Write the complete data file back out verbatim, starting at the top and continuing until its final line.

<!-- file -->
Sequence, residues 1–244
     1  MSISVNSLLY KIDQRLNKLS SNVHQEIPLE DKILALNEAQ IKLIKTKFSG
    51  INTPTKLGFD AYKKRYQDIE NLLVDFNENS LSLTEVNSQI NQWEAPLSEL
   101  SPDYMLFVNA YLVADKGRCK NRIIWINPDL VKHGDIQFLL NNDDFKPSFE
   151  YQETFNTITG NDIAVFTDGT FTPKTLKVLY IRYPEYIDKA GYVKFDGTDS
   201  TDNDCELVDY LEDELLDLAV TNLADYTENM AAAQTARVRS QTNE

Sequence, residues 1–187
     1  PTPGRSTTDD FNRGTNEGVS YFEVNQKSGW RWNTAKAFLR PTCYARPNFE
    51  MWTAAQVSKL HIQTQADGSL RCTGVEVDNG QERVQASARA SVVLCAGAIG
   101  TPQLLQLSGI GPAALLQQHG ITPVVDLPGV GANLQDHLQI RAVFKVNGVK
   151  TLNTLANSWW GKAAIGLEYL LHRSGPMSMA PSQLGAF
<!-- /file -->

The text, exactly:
Sequence, residues 1–244
     1  MSISVNSLLY KIDQRLNKLS SNVHQEIPLE DKILALNEAQ IKLIKTKFSG
    51  INTPTKLGFD AYKKRYQDIE NLLVDFNENS LSLTEVNSQI NQWEAPLSEL
   101  SPDYMLFVNA YLVADKGRCK NRIIWINPDL VKHGDIQFLL NNDDFKPSFE
   151  YQETFNTITG NDIAVFTDGT FTPKTLKVLY IRYPEYIDKA GYVKFDGTDS
   201  TDNDCELVDY LEDELLDLAV TNLADYTENM AAAQTARVRS QTNE

Sequence, residues 1–187
     1  PTPGRSTTDD FNRGTNEGVS YFEVNQKSGW RWNTAKAFLR PTCYARPNFE
    51  MWTAAQVSKL HIQTQADGSL RCTGVEVDNG QERVQASARA SVVLCAGAIG
   101  TPQLLQLSGI GPAALLQQHG ITPVVDLPGV GANLQDHLQI RAVFKVNGVK
   151  TLNTLANSWW GKAAIGLEYL LHRSGPMSMA PSQLGAF